Also where are you going to put your cash? in a bank? under the mattress (same thing, the bank's a little better as you're protected from fires).
I will really get worried when bond and interest rates start to go up and our government becomes more responsible.
Don't take issue, with you too often Active...but...
But yes, General Electric (GE) was down a bunch back in the mini-crash; Mostly due to their Financial Arm connection as we know...
It may still be down now 50%, which gives us hope for more solid upside, they have made some changes and rearrangement of their business model...They manufacture everything from sewing needles to rocket engines Worldwide...Heavy into Energy now and Defense also, with 300-400,000 employees...And the "only" original listing still on the DOW..
Since taking positions even with DC'Averaging 'up some', we have "doubled", that's an average of about 20% gain per year, since the downside; NOT including the dividends of 3.5-4 %, which I forecast to be raised in the near future, and not including possible appreciation...
We are Long on GE...Real Long, unless we might need some cash.
Oh yeah Waste Management, you are correct....A "Steady Eddy" that pays about 4% div a year.
I even discussed this with our "Local Pussy Cat", Classic Lady before we started accumulating.
Think it's headquartered out West or Texas...?
The appreciation has been about 50% so far, and I like collecting that decent dividend that's pretty damn safe....IMO.....Stay safe.
"We have been an imperialistic nation for most of our existence. We have raped and plundered the world for increased profits. Now the world organization demands we give back. And we are experiencing that pain today and will until many Americans are lowered to the rest of the world level"
This is my response:
Imperialism has been the case for Civilization since the very start. Rome liberated Gold and other resources from Europe. Ditto for Europe. As far as the World Organizations demanding back what was stolen from Gold and Silver to literally everything else, I really haven't seen that. What I do see, the same Global Elitist seeing Wealth beyond their wildest dreams while the Global Population at large is seeing unprecedented poverty in Modern Times.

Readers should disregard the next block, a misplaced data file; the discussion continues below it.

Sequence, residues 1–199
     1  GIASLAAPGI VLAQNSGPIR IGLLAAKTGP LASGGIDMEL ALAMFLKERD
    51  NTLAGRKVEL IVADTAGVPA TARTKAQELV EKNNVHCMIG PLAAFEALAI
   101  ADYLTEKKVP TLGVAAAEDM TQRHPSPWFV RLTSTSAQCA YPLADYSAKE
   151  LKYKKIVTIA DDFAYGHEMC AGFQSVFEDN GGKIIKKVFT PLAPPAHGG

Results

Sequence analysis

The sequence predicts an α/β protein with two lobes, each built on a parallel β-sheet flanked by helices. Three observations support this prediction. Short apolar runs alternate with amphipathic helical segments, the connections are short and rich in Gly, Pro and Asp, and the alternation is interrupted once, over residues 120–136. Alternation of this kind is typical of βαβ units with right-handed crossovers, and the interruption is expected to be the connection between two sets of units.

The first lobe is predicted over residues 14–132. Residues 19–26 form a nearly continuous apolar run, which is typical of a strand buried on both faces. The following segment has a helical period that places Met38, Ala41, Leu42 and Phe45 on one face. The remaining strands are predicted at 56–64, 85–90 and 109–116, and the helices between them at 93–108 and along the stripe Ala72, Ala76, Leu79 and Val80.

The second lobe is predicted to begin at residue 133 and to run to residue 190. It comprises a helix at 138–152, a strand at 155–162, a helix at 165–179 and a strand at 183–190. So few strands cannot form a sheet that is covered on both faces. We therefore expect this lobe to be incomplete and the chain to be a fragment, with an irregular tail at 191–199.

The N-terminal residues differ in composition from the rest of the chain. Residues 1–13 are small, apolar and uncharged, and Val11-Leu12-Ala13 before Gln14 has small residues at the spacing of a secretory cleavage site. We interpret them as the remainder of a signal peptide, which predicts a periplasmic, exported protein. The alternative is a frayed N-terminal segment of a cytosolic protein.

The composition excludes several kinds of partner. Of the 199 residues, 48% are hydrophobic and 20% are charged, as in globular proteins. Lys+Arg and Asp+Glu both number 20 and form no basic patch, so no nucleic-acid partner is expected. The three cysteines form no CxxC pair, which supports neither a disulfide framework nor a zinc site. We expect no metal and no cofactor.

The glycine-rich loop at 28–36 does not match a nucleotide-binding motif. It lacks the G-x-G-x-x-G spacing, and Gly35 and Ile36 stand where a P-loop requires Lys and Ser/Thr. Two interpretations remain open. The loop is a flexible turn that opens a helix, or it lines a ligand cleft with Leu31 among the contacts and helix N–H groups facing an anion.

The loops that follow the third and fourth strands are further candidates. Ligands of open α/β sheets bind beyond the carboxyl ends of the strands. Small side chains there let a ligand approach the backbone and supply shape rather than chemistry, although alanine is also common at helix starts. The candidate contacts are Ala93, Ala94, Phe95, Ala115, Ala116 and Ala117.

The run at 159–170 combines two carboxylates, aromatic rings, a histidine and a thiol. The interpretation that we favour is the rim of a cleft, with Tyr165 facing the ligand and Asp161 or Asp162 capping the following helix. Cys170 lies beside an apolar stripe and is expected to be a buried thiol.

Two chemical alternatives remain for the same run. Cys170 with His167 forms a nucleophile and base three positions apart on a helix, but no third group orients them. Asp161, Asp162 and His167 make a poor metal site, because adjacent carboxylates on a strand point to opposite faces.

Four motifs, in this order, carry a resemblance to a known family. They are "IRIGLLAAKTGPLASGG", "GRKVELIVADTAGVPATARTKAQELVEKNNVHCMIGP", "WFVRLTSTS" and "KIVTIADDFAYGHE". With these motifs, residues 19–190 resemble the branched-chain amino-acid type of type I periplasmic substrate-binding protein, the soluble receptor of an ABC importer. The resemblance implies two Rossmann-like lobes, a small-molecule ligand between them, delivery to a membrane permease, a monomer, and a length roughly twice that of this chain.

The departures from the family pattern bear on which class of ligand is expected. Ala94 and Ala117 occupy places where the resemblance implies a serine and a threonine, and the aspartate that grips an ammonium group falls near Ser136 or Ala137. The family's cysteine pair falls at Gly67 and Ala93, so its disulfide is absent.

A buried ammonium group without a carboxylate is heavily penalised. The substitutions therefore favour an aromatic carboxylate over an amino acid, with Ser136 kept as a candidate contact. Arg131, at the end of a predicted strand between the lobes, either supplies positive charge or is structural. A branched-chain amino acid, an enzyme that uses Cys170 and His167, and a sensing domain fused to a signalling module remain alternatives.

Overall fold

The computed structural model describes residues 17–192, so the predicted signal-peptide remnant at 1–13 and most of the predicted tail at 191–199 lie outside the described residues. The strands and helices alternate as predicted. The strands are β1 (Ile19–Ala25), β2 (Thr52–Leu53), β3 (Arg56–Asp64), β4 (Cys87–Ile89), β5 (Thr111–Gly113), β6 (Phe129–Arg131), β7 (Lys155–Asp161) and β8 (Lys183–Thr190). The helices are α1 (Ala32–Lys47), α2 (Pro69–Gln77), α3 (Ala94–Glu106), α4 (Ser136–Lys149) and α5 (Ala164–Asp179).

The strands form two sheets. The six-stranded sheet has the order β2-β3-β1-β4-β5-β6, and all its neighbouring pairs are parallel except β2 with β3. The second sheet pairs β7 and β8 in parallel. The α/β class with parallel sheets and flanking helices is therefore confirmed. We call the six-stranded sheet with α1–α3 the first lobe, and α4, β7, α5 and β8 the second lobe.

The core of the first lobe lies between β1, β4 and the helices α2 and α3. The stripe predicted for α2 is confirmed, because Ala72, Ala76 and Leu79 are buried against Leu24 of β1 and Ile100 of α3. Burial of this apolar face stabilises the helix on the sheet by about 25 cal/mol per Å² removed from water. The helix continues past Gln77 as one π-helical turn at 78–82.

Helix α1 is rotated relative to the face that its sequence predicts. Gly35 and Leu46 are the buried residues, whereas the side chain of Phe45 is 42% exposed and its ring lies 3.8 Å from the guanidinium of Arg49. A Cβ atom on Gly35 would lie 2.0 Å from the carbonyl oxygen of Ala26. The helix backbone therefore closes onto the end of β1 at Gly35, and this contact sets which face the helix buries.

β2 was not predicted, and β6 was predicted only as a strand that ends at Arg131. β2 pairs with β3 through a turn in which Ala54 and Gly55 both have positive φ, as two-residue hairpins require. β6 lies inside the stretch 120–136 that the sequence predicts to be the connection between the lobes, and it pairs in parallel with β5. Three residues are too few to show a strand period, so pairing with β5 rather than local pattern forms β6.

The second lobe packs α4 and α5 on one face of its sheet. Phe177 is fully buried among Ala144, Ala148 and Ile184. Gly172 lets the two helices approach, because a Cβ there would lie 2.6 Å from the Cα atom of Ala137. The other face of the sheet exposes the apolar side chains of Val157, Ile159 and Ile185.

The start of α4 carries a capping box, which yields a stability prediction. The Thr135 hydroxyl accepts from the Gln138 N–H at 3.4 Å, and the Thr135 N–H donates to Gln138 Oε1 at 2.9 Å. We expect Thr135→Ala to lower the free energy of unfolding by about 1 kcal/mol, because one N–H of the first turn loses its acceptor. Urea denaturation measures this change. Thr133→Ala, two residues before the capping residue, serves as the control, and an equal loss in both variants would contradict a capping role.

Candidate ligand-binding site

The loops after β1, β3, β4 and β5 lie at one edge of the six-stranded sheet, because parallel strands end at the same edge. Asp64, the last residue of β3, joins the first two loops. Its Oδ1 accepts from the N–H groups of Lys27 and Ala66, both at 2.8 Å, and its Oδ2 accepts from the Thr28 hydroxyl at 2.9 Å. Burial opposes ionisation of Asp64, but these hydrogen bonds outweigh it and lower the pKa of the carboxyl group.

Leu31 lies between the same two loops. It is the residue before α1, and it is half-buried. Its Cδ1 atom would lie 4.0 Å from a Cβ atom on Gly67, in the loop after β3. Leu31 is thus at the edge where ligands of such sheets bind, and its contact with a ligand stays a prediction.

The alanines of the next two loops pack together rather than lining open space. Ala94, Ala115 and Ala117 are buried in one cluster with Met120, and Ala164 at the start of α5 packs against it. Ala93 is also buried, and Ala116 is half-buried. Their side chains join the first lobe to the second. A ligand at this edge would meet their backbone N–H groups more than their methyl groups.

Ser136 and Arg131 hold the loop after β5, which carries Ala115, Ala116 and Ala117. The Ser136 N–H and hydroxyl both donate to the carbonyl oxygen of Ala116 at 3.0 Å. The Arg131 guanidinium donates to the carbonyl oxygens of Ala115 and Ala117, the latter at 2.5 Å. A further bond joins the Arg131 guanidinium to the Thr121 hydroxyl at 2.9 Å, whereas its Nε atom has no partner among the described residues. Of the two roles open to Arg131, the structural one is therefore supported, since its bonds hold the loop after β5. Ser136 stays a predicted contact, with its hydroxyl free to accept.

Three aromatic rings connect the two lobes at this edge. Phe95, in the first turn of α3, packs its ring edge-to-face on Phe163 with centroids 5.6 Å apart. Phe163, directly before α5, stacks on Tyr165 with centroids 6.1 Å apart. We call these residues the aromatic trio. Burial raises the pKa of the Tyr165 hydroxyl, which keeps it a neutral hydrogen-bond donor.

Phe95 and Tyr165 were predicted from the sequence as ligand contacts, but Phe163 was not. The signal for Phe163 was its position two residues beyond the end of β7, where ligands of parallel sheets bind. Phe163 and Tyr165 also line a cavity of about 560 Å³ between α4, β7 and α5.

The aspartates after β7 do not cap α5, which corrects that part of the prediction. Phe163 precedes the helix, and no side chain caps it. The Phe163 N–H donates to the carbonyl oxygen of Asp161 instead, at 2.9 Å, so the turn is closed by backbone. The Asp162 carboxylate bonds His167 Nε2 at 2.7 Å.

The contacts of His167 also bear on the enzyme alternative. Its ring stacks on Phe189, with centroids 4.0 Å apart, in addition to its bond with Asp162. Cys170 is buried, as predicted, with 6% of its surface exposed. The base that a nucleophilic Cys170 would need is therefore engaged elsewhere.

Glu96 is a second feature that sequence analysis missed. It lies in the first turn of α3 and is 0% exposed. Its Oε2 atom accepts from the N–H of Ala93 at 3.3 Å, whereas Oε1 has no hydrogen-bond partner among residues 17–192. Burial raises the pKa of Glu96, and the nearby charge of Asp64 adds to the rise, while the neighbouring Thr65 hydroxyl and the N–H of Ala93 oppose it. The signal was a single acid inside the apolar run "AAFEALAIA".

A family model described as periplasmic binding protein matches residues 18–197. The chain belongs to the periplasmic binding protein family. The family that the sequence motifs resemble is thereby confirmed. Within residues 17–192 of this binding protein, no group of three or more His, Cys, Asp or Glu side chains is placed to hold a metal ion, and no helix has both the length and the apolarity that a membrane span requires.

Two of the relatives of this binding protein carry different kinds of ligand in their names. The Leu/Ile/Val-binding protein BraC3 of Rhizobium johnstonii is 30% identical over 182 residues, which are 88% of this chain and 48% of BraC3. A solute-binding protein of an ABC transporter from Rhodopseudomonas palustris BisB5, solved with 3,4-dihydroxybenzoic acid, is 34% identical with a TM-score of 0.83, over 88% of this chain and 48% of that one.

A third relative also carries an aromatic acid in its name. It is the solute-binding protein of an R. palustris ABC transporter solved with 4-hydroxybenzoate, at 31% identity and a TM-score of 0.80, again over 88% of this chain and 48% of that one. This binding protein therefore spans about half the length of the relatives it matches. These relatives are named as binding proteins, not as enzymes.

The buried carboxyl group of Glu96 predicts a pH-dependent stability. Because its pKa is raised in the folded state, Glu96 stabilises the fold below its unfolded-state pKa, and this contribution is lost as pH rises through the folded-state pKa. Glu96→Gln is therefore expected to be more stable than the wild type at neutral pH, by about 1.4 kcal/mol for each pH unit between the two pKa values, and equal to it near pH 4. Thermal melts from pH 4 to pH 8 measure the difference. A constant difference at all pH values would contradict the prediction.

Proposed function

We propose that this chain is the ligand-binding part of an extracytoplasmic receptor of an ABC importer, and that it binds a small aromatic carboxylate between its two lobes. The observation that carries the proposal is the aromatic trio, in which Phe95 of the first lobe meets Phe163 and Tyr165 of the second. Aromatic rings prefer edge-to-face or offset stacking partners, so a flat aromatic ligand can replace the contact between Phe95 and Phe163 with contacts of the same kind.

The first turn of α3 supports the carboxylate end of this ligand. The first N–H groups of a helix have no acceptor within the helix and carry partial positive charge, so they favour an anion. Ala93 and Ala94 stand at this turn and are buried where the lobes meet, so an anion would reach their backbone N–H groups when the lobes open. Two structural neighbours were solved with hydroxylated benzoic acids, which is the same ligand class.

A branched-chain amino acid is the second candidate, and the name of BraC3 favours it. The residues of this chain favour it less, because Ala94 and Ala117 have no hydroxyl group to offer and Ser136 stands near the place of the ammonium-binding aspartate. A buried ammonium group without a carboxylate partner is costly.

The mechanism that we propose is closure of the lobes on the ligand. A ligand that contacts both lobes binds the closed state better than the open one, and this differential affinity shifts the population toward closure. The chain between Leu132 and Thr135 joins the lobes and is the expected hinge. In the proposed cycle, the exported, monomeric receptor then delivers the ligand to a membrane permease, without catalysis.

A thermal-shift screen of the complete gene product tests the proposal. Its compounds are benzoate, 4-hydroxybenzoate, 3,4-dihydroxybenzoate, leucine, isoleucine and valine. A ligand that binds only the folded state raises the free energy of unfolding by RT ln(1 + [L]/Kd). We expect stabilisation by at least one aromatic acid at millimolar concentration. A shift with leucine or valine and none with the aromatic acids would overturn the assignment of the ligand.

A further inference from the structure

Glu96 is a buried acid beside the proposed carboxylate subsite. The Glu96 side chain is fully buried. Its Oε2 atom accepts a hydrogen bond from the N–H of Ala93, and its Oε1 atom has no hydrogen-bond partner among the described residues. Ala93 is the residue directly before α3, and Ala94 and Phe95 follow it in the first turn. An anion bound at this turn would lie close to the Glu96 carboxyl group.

Free trade is being promoted as a tide that lifts all boats when it's real intent all along has been a Global Right to Work for Less. Meanwhile the 1% have created Unions which go by the Name of Boardrooms. They vote on giving themselves massive Wage increases while colluding to decrease wages and benefits for everyone else.
The World has seen a massive transfer of Wealth to the already SuperRich. When the working poor and Fading Middle-Class demand that it stops, they are charged with Class Warfare. Meanwhile, the Class Warfare against the working poor and fading Middle-Class continues. Meanwhile the massive Wealth transfer off the Backs of the Working Poor and fading Middle-Class continues.
Trolling-George, Yes I agree! Nothing like a Big multi-national conglomerate and a Trash hauler for a good basis in investments; We hold long on both..
Sprinkle in other energy and pipelines, with selected retail and health/medical; You can get or have a real good diversified mix for our ongoing recovery and baby booming, that some don't feel exist..
First off we have to believe and not fear the unknown...It's always been there, how it is handled is what makes the difference ...
Good History Lesson and Facts ACTIVE, keep the doomsayers in line...Smoke but not fire.
I don't appreciate twisting and deflecting that we sometimes get on here...
Wait until they have to deal with Hillary; This could get exciting...
Keep up the Good Fight, but we don't need to read it twice,VL.
Good investing in 2014.....and as you remind, Stay Safe.
Speaking of mid terms, I guarentee you that if the Republicans take the House and Senate, obama WILL have the Fed stop their activity. Markets will go down, people will pull out, and all the blame will be on the Repubs since they have more power.
Chicago politics baby!
With GE and WM what go wrong? big dividends, besides, everyone uses energy and produces trash. Throw in some ZBB in case electric cars and storage batteries boom? DVN for oil, "poor choice but"
See what happens